The stem is akin to the freshness seal found on any number of food products at grocery stores. Would we eat a can of Sour Cream & Onion Pringles that we found already opened? Well ... yeah, maybe, but that might be the only exception. At any rate, you get the gist: Stem equals green light, and no stem equals red light.

Once your avocados make it safely home, when you're ready to eat them, another indicator of ripeness lies beneath the stem. You must first remove the stem to check if it's green underneath, which lets you know it's ready to eat. If it's brown, put it down. Whereas if it doesn't come loose, it probably means the avocado is underripe.

Check avocados for any signs of mold

Mold has a shaky relationship with food; in rare cases, it contributes to the flavor profile, but it's a culinary boogie monster for most eats. In other words, mold has a voracious appetite you might not enjoy mixing with your own and a clear red flag that lets you know your avocado has gone bad. From mishandling to bruising, along with plain ol' expired shelf life, there are several reasons why an avocado can attract mold.

So long as the skin remains intact, the avocados' deliciousness remains protected. When damaged, punctures can cause air exposure, making them ripen faster while increasing the chances of mold growth. Mold can grow on the outside skin or contaminate the inside too. Fortunately, external growth is clearly visible, appearing as a grayish-white blotch of fuzz. Internal mold growth is more challenging to predict, yet you can take a good guess by looking for some of these indicators.

Dark blemishes can be a sign of over-ripening

Learning how to spot indicators of ripeness in avocados is like taking a crash course in the color green. From different shades and textures to an almost endless array of varieties, Pantone could devote an entire category to just avocado colors. While these veggie-like fruits are no stranger to a bruise or bump here and there, dark blemishes are never a good sign.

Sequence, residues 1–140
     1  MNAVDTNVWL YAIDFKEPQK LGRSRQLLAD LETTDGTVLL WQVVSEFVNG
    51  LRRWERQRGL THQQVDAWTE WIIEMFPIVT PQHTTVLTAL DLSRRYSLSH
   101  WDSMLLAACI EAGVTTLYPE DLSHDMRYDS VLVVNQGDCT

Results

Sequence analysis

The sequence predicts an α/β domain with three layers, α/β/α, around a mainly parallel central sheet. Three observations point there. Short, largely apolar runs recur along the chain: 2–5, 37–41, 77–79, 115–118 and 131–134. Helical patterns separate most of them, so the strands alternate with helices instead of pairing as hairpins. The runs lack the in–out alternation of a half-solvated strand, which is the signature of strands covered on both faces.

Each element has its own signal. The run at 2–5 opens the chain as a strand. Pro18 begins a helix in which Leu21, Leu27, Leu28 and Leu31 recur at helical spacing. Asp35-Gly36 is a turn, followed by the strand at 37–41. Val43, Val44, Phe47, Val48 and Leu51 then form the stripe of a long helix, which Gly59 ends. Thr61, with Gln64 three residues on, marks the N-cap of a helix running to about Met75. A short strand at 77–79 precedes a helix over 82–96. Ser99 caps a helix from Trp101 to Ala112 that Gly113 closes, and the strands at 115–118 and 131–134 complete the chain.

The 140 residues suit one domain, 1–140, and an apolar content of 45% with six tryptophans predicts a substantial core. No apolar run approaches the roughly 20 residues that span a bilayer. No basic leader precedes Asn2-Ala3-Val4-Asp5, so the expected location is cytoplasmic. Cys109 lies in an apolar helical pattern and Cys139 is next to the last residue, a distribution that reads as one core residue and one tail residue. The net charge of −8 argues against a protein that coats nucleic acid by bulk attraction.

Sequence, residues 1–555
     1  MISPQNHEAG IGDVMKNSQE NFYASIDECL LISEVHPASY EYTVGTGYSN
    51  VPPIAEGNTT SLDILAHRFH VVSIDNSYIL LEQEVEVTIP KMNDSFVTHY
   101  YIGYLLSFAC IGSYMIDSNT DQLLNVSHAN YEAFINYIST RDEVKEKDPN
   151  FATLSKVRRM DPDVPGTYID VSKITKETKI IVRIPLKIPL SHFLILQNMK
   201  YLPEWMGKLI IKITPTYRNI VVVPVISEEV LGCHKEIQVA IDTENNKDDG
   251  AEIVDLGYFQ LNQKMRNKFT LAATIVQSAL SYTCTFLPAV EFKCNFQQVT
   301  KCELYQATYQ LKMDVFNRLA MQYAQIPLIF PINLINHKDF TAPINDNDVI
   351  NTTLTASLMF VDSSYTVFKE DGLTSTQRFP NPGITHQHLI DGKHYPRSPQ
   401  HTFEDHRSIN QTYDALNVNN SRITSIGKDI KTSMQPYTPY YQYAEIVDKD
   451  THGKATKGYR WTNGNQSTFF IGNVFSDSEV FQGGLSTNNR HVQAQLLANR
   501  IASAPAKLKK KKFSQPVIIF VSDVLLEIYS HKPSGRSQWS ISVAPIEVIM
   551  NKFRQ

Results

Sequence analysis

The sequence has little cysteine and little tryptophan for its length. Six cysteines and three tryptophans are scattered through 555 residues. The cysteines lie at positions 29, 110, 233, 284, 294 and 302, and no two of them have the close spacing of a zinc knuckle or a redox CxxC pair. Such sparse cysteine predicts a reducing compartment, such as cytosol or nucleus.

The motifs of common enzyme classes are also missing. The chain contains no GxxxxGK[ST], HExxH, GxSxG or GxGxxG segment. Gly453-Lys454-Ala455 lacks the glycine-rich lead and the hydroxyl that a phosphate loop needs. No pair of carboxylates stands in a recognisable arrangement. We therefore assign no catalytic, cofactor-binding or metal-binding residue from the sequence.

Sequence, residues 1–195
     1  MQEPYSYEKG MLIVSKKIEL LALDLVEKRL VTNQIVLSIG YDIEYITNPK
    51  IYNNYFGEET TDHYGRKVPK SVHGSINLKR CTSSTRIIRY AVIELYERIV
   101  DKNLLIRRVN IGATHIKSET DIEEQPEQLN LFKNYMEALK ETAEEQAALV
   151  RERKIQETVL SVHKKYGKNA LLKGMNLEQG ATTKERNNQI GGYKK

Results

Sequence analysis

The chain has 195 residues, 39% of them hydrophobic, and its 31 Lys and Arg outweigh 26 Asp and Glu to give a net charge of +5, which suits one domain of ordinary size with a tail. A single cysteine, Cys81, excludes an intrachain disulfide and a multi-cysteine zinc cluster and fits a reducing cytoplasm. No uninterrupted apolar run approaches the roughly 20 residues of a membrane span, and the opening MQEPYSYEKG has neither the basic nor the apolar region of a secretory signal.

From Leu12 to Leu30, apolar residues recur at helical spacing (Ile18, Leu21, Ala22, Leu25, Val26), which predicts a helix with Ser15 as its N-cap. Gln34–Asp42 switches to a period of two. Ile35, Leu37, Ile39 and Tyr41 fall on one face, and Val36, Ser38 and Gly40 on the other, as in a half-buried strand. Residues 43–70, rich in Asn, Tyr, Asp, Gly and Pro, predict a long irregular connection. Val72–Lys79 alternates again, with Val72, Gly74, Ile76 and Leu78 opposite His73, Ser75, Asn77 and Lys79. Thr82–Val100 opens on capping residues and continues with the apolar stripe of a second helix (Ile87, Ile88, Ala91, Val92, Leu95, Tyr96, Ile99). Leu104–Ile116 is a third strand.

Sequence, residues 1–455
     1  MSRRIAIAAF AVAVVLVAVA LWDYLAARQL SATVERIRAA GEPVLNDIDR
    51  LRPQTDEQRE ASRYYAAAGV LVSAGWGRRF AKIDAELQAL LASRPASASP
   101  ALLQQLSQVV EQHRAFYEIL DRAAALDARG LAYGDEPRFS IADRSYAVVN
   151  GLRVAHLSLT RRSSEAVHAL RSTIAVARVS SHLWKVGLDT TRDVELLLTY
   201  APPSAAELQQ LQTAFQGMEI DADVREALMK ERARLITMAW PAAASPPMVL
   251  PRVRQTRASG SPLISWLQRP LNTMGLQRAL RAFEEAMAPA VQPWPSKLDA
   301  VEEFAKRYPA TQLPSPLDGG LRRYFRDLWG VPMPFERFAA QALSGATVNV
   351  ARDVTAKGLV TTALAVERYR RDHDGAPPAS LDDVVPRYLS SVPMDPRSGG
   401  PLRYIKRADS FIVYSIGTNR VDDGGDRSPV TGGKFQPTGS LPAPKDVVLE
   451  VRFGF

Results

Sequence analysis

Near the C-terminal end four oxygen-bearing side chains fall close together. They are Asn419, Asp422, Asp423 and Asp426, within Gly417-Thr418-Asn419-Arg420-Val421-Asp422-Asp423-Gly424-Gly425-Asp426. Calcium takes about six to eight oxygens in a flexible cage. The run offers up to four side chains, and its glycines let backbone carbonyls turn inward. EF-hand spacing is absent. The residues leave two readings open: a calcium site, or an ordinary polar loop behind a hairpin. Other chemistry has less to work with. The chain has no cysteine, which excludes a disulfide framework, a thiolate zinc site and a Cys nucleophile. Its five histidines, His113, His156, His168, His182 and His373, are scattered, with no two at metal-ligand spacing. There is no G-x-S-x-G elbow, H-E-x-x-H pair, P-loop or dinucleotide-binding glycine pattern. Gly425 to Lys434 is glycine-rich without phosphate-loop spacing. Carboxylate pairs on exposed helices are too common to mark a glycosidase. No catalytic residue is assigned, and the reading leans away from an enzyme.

Even as avocados undergo color changes, the shifts usually appear like a gradient, smoothly transitioning to the next phase. When there are spots of discoloration, it may indicate mold or an over-ripe avo. Blemishes can also develop when an unripe avocado is exposed to cold temperatures. While dark spots aren't always a sign of old avos, if visual appeal sits high on your list of priorities, we recommend avoiding them altogether. Once you're feeling more confident about your picking skills, playing a little avocado roulette is okay.

Use Apeel's RipeFinder produce scanner

Yes, folks, knowing how to pick ripe avocados is a challenge many of us face. Your hands may not sweat nervously when entering the produce section, but the disappointment of picking an underripe avo is clearly something we've experienced as a collective. In fact, a startup called Apeel decided to make finding a solution their main prerogative. Hoping to reduce food waste, Apeel created the RipeFinder, a food scanner that identifies ripe avocados using advanced imaging technology combined with machine learning. Their fancy tech was made to protect supply chains and help customers make more informed decisions, and save time when they go grocery shopping.

Donning a look similar to a barcode scanner, Apeel's RipeFinder was made to help you pick the best avocados. Helping you skip the guessing games, it scans the fruit, translating the information it receives into simple prompts like "Your avocado is ready for your salad" or "Your avocado will be ready in four to five days." Unfortunately, your days of unripe avocados will have to last longer, as Apeel's RipeFinder is still in its testing stage. The company's larger goal extends beyond avocados to include all produce. Before you know it, picking unripe produce on accident will become a thing of the past.